There are a lot of websites and “news” stories out there today specifically geared toward engendering fear in our hearts. Because then we’ll be swayed to act in the ways they want us to act. We’ll be so afraid of what “they” are doing that we won’t even consider listening to anything they ever say. If they say it, then it must be wrong.

This is not the way God and faith work, my friends. He does not move through fear. He does not move through selfish ambition. And Christianity did not change the world by seeking its own. It changed the world through acts of selflessness, sacrifice, and radical love. It changed the word by being courageous and bold for Christ. It wasn’t about gaining a voice in politics. It wasn’t about avoiding persecution. It was about risking it to reach one more soul. It was about giving even when it hurt, trusting that God would make what we had enough. It was about being willing to give up our own–our possessions, our ambitions, our very lives–to show others that this is what Christ did for them.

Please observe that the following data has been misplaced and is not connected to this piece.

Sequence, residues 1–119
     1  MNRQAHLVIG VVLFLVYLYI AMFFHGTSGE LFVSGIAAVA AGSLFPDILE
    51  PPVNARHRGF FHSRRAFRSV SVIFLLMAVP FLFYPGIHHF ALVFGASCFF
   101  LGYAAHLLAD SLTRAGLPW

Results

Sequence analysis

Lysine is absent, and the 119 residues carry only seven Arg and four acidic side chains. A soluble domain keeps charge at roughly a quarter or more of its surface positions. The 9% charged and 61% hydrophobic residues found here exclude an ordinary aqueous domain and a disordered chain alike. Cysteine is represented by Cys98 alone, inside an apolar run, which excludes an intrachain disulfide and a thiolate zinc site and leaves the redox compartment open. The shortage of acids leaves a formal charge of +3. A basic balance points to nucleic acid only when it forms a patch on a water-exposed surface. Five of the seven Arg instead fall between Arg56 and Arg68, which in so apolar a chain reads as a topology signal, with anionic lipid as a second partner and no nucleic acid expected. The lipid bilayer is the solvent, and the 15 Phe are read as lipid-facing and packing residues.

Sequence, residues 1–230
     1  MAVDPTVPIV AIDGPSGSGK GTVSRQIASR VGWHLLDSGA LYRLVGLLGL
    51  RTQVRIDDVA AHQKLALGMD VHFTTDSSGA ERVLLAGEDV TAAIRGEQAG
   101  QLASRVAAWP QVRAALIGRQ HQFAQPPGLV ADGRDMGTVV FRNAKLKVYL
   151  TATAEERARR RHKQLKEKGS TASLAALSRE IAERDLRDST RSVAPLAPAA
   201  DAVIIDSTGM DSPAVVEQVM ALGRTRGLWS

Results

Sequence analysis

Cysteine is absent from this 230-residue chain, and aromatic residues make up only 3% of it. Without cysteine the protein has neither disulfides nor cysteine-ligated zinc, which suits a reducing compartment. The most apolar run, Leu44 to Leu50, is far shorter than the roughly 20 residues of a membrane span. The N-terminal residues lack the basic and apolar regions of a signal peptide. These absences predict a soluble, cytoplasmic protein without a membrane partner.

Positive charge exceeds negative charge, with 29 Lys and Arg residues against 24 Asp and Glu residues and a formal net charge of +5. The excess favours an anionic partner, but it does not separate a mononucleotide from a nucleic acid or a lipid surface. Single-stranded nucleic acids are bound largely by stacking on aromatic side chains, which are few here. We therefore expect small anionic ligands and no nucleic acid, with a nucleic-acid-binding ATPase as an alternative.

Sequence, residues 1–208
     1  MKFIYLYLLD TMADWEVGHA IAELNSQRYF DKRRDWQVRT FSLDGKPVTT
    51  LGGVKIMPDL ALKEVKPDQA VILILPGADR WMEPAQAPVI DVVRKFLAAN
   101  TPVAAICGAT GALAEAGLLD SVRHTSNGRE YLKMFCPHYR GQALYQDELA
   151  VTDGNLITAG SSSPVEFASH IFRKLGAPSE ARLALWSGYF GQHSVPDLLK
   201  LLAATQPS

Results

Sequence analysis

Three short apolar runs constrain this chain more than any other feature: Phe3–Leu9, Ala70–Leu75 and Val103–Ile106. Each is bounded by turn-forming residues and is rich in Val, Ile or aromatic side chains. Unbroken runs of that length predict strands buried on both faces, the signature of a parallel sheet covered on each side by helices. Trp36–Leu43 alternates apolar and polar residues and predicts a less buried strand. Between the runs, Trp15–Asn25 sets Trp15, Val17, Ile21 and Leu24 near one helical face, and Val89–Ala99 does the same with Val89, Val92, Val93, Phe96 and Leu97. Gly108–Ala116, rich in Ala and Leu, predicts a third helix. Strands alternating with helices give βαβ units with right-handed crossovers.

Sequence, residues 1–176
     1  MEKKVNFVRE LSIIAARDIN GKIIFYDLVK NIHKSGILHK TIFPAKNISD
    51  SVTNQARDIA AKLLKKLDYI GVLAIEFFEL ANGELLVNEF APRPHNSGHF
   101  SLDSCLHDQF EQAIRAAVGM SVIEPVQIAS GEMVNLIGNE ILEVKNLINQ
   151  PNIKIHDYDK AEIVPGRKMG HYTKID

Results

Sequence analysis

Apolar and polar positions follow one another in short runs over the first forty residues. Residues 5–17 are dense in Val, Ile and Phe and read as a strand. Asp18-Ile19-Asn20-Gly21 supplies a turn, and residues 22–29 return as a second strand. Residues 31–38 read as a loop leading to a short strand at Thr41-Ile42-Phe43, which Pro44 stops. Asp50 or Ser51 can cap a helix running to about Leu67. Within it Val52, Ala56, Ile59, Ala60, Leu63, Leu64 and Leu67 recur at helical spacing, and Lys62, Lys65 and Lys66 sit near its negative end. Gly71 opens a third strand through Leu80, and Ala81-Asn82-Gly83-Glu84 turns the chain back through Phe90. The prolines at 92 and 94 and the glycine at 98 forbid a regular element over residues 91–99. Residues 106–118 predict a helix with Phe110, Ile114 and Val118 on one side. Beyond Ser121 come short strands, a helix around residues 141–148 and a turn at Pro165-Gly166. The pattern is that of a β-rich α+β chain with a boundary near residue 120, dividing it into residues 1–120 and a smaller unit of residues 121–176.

The Gospel is too often being drowned out today by our other goals, though. By our ambitions for power. By our desire to be proven right. The Gospel is just a whisper behind the fears we’re shouting so loudly.

Something I’ve been trying to do before I share any opinion, though, is to ask, “Does my saying this show Christ? Does it speak love to my enemies? Does it seek the best for them instead of the best for me?” If not, then I can be pretty sure I’m acting out of fear, not faith.